A financial services company wishes to launch a collective investment scheme. It hopes to choose a vehicle that will allow the free transfer of the interests of investors, and which will permit the rules governing the scheme to be changed where necessary.
What options are available to it?
Austrian private law recognises one type of collective investment scheme, namely, investment funds that fall under the Austrian Investment Fund Act (InvFG). Austrian investment funds are open-ended funds that work on the principle of risk diversification and lend themselves to an open clientele. It is also possible to create special funds that only have a limited number of investors. All types of Austrian investment funds allow for changes of terms and conditions and for changes of investors, although there is no secondary market for trading the investment fund ‘certificates’. Under the Austrian Investment Fund Act, the investors have the right of redemption.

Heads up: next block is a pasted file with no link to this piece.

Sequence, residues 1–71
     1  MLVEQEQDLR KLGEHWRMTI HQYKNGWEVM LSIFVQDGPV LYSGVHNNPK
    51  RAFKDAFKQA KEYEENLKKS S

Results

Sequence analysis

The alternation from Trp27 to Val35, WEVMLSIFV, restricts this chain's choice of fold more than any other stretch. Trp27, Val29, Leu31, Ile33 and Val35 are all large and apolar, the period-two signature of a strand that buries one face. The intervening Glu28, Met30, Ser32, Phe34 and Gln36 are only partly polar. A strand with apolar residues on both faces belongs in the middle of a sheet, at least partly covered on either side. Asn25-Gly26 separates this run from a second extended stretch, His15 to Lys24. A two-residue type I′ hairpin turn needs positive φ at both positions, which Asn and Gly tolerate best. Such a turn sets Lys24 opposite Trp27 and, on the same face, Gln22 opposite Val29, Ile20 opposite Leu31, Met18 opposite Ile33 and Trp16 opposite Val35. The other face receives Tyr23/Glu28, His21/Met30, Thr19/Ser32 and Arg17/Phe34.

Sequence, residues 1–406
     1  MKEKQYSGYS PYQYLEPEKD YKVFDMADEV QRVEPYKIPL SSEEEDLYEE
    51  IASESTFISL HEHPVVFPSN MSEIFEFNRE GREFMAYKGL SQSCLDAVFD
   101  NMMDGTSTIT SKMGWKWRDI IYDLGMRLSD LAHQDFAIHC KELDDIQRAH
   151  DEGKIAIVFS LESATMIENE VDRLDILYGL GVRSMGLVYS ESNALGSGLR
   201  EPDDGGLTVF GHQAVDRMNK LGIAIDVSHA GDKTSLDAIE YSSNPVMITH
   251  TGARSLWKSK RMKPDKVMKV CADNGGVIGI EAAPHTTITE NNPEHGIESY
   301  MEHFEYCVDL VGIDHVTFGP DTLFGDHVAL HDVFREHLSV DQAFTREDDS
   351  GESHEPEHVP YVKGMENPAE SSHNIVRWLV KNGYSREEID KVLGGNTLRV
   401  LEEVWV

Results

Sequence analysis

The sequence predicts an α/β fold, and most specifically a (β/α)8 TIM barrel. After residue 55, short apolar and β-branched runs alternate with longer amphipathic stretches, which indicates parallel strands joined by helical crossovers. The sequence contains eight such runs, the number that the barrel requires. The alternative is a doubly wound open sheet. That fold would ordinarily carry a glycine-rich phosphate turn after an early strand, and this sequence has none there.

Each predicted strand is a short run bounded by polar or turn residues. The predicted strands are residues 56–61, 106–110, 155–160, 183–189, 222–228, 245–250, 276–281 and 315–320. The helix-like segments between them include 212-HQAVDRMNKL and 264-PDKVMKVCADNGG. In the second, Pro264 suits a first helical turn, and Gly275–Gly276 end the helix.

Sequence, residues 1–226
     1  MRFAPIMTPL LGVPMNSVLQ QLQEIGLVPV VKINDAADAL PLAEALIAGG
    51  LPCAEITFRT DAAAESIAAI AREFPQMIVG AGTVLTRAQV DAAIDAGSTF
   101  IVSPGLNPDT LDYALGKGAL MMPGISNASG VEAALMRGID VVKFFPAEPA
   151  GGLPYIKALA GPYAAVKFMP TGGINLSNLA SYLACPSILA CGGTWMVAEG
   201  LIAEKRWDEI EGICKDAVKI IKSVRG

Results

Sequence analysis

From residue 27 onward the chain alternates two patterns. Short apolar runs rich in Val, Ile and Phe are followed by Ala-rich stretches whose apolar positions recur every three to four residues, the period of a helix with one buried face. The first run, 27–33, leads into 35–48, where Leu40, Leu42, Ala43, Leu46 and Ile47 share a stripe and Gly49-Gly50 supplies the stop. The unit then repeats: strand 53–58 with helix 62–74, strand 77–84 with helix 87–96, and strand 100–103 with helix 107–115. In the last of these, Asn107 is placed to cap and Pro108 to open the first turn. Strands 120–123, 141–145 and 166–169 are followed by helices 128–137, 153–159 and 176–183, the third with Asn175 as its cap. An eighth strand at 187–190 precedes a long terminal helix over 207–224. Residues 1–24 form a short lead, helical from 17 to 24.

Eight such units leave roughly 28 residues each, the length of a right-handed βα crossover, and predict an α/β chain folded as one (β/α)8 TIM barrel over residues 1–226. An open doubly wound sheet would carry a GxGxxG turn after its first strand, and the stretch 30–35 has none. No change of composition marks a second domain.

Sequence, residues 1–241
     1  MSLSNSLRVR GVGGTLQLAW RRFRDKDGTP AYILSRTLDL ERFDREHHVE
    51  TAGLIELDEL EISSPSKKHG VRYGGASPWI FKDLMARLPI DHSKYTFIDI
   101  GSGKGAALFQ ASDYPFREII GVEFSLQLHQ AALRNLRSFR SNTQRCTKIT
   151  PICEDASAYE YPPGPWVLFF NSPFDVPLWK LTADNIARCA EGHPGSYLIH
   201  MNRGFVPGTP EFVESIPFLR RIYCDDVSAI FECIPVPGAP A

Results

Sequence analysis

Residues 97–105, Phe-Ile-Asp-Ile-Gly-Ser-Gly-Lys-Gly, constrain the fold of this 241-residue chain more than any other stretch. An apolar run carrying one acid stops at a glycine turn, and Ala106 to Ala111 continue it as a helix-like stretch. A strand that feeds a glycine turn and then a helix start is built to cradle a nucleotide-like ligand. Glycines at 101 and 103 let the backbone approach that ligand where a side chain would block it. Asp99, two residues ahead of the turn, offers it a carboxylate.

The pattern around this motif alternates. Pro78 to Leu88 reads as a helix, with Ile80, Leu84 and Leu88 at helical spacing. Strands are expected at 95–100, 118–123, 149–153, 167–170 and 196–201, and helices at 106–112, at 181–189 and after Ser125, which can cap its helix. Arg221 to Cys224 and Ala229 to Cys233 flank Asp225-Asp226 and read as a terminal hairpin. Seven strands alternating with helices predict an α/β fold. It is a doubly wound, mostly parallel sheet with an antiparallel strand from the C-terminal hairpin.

A change of the terms and conditions of an investment fund, under s. 22(3) InvFG, does not require the consent of the investors, but it must be made in their interest, must be approved by the supervisory board and must be published. Section 22(3) InvFG deals only with the public law of the modification.
Different supervision schemes apply for Austrian investment funds. Supervision under the InvFG includes a bank supervisor, a supervisory board, an investment company (a special bank) and the depository bank. The investment company manages the fund and makes the investment decisions.